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Issue with utf-8 encoding using PHP + MySQL

Posted by: admin November 30, 2017 Leave a comment

Questions:

I moved data from MySQL 4 (they were originally set to latin2 encoding) to MySQL 5 and set encoding to utf-8. It looks good in phpMyAdmin, and utf-8 is okay. However there are question marks instead of some characters on website! The website encoding is also set to utf8 so I dont understand where the problem is.

PHP and HTML files are also set to utf8.

I have no idea…

Answers:

try query

SET NAMES utf8

before any query in your application

Questions:
Answers:

On my server, adding these to my php file had no effect:

ini_set('default_charset','utf-8');
mysql_set_charset('utf8');
header('Content-type: text/html; charset=utf-8');

But everything worked perfectly once I added this to the top of my php file:

$mysqli->query("SET NAMES 'utf8'");

Note: I am using encoding utf8_general_ci in my database, but utf8_unicode_ci works the same for me.

Hope that helps.

Questions:
Answers:

Try setting the MySQL connection to UTF-8:

SET NAMES 'utf8'

And send explicit UTF-8 headers, just in case your server has some other default settings:

header('Content-type: text/html; charset=utf-8');

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Answers:

You don’t have to set your PHP and HTML files to utf-8.

You just have to set your output encoding to UTF-8 and the browser will display appropriately.

In HTML:

<meta http-equiv="Content-Type" content="text/html; charset=UTF-8" />

In PHP:

header('Content-Type: text/html; charset=UTF-8');

When you get a string that is UTF-8 from the MySQL table, it will be UTF-8 all the way to browser output unless you convert the encoding. It’s the way that the browser inteprets it.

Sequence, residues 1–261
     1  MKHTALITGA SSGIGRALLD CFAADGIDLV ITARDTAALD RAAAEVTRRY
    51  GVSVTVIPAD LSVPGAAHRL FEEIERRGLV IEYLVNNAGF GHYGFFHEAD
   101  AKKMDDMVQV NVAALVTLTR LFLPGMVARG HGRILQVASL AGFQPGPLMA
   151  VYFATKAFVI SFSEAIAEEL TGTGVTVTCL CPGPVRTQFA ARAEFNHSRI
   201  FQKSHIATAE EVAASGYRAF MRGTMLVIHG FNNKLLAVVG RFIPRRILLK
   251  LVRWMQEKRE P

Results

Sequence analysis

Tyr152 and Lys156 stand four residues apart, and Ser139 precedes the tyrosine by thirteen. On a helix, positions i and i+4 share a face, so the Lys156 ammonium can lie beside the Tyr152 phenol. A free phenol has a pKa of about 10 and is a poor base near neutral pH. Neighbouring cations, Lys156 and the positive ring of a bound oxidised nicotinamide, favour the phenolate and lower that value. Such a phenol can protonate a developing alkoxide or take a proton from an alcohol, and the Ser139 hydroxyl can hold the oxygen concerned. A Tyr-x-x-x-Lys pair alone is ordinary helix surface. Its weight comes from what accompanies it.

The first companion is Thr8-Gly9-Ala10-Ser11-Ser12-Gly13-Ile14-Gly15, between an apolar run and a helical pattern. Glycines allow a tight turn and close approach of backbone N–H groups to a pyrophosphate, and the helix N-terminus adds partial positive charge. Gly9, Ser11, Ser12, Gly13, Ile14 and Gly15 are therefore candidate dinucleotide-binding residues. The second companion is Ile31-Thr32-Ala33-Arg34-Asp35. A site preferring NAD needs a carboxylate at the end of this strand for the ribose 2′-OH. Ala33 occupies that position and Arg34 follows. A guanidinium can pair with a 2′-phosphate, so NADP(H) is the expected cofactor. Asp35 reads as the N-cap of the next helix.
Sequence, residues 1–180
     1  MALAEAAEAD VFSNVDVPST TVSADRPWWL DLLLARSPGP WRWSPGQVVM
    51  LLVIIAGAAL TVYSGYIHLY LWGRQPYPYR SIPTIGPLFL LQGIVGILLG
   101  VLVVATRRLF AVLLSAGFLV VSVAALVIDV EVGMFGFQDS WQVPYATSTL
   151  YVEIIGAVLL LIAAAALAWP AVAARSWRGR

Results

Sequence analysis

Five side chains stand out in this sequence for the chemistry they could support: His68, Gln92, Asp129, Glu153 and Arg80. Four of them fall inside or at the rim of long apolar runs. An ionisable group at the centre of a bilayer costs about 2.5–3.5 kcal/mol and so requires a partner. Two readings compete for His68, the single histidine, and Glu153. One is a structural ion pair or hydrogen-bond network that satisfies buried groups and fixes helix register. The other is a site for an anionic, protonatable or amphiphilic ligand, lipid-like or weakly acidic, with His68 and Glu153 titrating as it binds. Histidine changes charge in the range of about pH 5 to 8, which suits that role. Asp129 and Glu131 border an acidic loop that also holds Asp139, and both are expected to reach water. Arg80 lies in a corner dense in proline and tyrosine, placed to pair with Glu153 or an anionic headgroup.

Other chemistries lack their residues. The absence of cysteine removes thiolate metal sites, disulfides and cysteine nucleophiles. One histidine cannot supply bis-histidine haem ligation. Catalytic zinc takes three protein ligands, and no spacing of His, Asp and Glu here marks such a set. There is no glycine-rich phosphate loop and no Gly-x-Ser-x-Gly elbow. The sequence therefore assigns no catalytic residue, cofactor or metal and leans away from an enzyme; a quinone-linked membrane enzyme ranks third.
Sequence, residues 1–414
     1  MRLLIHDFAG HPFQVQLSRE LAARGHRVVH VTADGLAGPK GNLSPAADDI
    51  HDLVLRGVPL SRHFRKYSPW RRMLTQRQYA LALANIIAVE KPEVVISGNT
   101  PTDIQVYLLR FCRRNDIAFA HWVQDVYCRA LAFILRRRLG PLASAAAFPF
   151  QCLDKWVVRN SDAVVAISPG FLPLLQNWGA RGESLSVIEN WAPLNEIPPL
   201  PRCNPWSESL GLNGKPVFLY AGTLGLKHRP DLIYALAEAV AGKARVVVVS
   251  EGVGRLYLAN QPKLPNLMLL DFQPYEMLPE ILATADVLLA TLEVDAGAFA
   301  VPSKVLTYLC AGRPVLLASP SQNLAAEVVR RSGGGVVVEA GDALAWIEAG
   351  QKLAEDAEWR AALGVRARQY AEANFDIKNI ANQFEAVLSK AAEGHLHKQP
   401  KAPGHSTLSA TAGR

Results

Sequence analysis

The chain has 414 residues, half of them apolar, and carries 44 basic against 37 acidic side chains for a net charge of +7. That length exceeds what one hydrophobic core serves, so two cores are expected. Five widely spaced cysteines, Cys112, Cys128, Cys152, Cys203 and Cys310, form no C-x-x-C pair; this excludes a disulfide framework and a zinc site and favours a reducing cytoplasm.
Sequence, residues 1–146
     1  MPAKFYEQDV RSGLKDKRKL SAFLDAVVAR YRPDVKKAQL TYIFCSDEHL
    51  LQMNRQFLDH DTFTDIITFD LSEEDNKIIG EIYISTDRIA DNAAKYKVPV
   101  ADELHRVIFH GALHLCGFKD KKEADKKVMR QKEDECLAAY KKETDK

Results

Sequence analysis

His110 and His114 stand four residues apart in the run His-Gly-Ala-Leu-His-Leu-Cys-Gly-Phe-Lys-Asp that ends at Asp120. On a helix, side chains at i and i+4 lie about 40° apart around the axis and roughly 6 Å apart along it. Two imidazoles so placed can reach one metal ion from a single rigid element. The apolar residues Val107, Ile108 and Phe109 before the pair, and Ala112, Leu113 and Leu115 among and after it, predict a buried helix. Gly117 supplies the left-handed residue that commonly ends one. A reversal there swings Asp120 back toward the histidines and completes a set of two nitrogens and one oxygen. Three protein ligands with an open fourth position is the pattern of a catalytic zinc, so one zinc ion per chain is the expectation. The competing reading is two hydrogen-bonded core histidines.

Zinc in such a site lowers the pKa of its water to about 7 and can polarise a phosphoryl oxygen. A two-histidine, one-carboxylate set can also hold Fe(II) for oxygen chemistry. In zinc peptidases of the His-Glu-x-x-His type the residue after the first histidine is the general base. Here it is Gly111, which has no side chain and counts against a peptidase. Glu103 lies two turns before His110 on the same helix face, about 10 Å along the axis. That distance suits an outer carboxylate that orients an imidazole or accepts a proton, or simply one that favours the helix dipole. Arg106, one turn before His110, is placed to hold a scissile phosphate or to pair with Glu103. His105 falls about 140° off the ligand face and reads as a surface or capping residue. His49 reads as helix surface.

Questions:
Answers:

Put .htaccess file in your web-site root with content:
AddDefaultCharset UTF-8

and

in your dbconfig set after connection to db:

mysql_query(“SET NAMES ‘utf8′”);

Questions:
Answers:

Here is a fix. Set the header to header ('Content-type: text/html; charset=utf-8'); Then print your content using utf8_decode($content). You must have the two to make it work.

Questions:
Answers:
mysql_query("SET NAMES UTF8");

adding this line at the end of my “connection.php” solved my problem.

My connection file’s complete code is:

<?php
# FileName="Connection_php_mysql.htm"
# Type="MYSQL"
# HTTP="true"
$hostname_test = "localhost";
$database_test = "test";
$username_test = "username";
$password_test = "password";
$test = mysql_pconnect($hostname_test, $username_test, $password_test) or trigger_error(mysql_error(),E_USER_ERROR); 
mysql_query("SET NAMES UTF8");
?>

My database collation is “utf8_general_ci”.

Pages are “dreamweaver default utf8” and “unicode normalisation form=C (Canonical Decomposition)”.

Questions:
Answers:

When you show UTF8 characters on a website but tell the browser to interpret them as Latin1 (or Latin2) you see this kind of gibberish: ß

When you show Latin1 (or Latin2) characters on a website, but tell the browser to interpret them as UTF8, you see question marks.

So my guess is that you switched everything to UTF8 (I mean, you told the DB Engine, the web server and the browser you would be using UTF8), but you didn’t actually convert the strings to UTF8.

Do what @Darkerstar said. Convert your dump to UTF8 (Notepad++ can do that easily) and import it again.

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Answers:

It doesn’t seem like setting every SQL Database, Table, and Field to UTF-8 in MySQL and is good enough. Very annoying.

Ended up forcing the issue to solve encoding problems:

Had to use this Every place I open the database:
$db->set_charset(“utf8”);

And that worked. Finally.

Questions:
Answers:

I had this problem recently (I hope its the same problem you are having), I tried many ways but at the end what worked was really simple.

Convert your dumped SQL file to UTF-8 format and then import it.

BW: I used Notepad++ for the conversion.